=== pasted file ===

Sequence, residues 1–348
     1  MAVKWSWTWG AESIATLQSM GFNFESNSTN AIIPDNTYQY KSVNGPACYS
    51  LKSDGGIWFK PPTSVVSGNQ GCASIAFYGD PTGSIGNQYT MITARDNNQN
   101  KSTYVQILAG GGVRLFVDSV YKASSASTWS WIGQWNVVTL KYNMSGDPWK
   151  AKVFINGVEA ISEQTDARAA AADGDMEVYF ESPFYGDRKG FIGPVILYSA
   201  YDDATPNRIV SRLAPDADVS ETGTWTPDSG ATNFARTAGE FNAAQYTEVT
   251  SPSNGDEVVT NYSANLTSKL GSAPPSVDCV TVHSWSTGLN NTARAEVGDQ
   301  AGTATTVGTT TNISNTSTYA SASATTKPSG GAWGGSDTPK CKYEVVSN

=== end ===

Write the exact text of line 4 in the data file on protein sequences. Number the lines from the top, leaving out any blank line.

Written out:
   101  KSTYVQILAG GGVRLFVDSV YKASSASTWS WIGQWNVVTL KYNMSGDPWK